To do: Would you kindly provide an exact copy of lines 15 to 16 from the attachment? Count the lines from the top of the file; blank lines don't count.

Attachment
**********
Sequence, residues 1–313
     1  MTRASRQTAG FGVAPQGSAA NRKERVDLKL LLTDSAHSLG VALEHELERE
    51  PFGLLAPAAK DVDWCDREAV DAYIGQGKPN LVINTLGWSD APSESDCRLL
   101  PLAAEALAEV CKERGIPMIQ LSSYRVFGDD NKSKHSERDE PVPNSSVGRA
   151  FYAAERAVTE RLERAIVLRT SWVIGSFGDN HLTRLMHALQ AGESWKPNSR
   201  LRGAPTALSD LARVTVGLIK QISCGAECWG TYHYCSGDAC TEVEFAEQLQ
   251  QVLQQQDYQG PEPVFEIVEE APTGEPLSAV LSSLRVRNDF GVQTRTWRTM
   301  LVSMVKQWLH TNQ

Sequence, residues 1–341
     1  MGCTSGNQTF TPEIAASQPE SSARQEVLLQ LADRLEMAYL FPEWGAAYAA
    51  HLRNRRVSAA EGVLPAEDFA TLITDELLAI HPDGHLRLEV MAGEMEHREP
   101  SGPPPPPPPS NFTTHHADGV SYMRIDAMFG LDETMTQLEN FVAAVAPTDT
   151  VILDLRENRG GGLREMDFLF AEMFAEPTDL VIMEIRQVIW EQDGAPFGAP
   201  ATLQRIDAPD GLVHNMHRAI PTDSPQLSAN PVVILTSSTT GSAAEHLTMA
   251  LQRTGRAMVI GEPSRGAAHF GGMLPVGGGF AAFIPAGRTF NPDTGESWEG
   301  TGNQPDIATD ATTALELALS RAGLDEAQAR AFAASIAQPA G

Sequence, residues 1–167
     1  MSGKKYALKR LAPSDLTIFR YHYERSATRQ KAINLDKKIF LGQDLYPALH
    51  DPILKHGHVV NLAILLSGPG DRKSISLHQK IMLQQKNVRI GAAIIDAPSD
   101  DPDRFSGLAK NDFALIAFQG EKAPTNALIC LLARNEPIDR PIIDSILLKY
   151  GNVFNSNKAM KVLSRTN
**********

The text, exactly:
   251  LQRTGRAMVI GEPSRGAAHF GGMLPVGGGF AAFIPAGRTF NPDTGESWEG
   301  TGNQPDIATD ATTALELALS RAGLDEAQAR AFAASIAQPA G